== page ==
Bearded Gospel History: Gregory of Nyssa


And now another episode of Bearded Gospel History, with Sir Timothy Braun!  Today, July 19, marks the celebration for St. Gregory of Nyssa, an extremely important figure in the early church.  Some say he drew his incredible theological and philosophical powers directly from his beard!  (Actually, nobody says that but me, but it’s a reasonable theory!) 

-The Proprietor

“Let the inspired Scripture, then, be our umpire, and the vote of truth will surely be given to those whose dogmas are found to agree with the Divine words.” ~ Gregory of Nyssa

The 300s AD were a crazy time in Church history.  The Church went from a severely persecuted minority to a legitimate, legally recognized faith.  In the midst of this transition they were also fighting theological battles, doing their best to protect the Church from heresies like Arianism.

Into this theological fray leapt the bearded brotherhood now known as the Cappodocian Fathers: Basil the Great, Gregory of Nyssa, and Gregory of Nazianzus.  All three of these guys were staunch defenders of the Gospel and, judging by the images we have available to us, probably started the Cappadocian Chapter of Bearded Gospel Men.

These guys were quite the trio.  Basil and Gregory (of Nyssa) were brothers and the other Gregory was a close friend of theirs.  Together they strengthened the church in Asia Minor in a way that set the foundations for the church in the East for centuries.

Gregory grew up in a strong Christian household.  In fact, his maternal grandfather was a martyr and this passion for the faith held firm in their family.  Apparently Gregory’s older sister, Macrina, took the family land and turned it into a convent and monastery.  While Gregory originally thought he might take a ‘normal’ secular occupation, it was his older sister and his elder brother, Basil, who convinced him to enter vocational ministry.  While his administrative gifts couldn’t match Basil’s, it was Gregory’s knack for theology and philosophy that made him stand out.

While Christianity had been declared legitimate from a legal perspective, Gregory sought to legitimize Christianity from an intellectual perspective.  He proved that Christian theology could go toe-to-toe with the best of the Greek philosophers, and emerge triumphant.

Gregory’s main focus throughout his writings is the trinity.  In his day the biggest opposition to orthodoxy was Arianism, which declared that Jesus was created by God and, thus, was not equal to God.  So, many of his writings can be summarized with statements like, “he who says that the Son once was not, denies His Godhead.”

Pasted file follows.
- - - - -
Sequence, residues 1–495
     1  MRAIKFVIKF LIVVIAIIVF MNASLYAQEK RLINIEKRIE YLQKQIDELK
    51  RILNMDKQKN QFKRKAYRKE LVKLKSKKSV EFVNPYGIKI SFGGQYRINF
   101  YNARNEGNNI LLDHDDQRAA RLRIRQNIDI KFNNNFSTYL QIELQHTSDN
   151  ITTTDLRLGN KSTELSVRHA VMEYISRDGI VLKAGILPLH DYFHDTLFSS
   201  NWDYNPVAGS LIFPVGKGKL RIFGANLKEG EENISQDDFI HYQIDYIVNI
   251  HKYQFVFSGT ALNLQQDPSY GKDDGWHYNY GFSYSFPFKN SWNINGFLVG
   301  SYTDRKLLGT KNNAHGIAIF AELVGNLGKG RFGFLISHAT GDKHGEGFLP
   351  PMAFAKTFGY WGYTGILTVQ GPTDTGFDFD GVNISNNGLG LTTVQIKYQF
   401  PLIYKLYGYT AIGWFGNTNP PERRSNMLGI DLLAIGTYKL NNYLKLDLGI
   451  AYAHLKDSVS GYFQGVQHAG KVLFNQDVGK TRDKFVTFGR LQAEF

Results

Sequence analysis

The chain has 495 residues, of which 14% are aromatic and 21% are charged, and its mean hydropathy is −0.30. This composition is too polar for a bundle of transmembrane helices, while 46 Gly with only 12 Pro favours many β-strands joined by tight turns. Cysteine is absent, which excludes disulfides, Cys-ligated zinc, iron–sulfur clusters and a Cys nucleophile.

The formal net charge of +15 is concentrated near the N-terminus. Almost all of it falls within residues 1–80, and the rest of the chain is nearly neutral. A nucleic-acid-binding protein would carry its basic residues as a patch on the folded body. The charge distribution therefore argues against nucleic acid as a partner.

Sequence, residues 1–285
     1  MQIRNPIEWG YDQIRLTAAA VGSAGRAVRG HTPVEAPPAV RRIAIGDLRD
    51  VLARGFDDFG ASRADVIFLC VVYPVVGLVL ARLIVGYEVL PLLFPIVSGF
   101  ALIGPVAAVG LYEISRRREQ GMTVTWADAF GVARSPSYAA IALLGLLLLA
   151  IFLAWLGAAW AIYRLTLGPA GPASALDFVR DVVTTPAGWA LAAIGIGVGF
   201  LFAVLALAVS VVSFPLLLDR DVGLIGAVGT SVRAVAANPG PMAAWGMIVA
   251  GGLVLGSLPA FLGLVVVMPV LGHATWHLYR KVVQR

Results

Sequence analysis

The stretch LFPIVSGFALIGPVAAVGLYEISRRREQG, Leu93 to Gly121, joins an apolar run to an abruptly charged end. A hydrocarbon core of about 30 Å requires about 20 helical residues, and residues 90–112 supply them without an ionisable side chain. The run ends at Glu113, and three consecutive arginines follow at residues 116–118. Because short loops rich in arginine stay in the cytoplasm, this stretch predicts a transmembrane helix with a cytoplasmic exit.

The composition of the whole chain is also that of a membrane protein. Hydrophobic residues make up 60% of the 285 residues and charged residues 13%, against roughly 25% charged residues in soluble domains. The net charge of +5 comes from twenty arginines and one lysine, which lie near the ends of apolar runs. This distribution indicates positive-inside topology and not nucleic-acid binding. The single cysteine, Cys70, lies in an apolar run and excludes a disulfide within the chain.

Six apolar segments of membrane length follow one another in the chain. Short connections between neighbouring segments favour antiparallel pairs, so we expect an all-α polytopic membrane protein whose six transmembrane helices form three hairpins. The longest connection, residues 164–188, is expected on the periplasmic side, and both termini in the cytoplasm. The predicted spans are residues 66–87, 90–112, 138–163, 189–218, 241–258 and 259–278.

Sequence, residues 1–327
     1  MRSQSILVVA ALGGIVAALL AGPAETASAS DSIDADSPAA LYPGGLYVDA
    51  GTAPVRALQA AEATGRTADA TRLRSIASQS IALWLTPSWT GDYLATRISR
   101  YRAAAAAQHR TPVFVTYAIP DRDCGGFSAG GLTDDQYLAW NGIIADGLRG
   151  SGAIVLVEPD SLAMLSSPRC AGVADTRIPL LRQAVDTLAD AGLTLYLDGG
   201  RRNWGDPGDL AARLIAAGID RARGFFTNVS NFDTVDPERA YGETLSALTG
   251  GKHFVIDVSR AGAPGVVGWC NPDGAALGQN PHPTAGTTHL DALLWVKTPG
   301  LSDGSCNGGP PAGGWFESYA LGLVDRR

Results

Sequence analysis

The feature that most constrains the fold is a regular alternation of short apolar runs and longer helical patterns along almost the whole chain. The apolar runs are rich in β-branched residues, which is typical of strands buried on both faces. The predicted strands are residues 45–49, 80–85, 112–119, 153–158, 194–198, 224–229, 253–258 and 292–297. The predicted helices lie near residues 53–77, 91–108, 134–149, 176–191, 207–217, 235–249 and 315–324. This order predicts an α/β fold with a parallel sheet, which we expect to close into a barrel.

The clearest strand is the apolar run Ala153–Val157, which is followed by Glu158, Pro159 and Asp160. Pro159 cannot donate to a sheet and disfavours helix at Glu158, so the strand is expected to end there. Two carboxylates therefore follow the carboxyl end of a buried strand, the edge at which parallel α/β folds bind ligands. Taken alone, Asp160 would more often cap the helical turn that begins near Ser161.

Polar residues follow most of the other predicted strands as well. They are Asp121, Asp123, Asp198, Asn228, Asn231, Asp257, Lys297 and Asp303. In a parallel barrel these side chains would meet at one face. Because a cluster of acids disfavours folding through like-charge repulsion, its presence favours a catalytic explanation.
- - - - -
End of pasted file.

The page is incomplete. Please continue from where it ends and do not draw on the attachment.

He also seemed to be rather fond of ‘Apostle Paul style’ run-on sentences:

“The Only-begotten God was made for us many things. For He was the Word, and was made flesh; and He was God, and was made man; and He was without body, and was made a body; and besides, He was made sin, and a curse, and a stone, and an axe, and bread, and a lamb, and a way, and a door, and a rock, and many such things; not being by nature any of these, but being made these things for our sakes, by way of dispensation. As, therefore, being the Word, He was for our sakes made flesh, and as, being God, He was made man, so also, being the Creator, He was made for our sakes a creature; for the flesh is created.”

Awesome stuff, for sure, but it makes for some slow reading!

Fortunately, Gregory was, as Bishop of Nyssa, able to be a part of the Council of Constantinople in 381 AD where Arianism was officially condemned as heresy.  It was also at this council where Gregory and Gregory (Basil had passed away in 379) had a significant influence on the finalization of the Nicene Creed.

It’s quite the list of accomplishments that Gregory can claim.  Not only did he have a pretty phenomenal beard, but he also saw the demise of the heresy he had dedicated his life to combatting and he participated in forming one of the most important documents in Christian history.

So let us all raise our beards in honour of one of our own: Gregory of Nyssa!

Again, God is love, and the fount of love: for this the great John declares, that love is of God, and God is love: the Fashioner of our nature has made this to be our feature too: for hereby, He says, shall all men know that you are my disciples, if you love one another:—thus, if this be absent, the whole stamp of the likeness is transformed.”



Of Nyssa, Gregory (2013-03-14).  Collection of Writings.  Fig. Kindle Edition.

Zondervan Handbook to the History of Christianity (Jonathan Hill)


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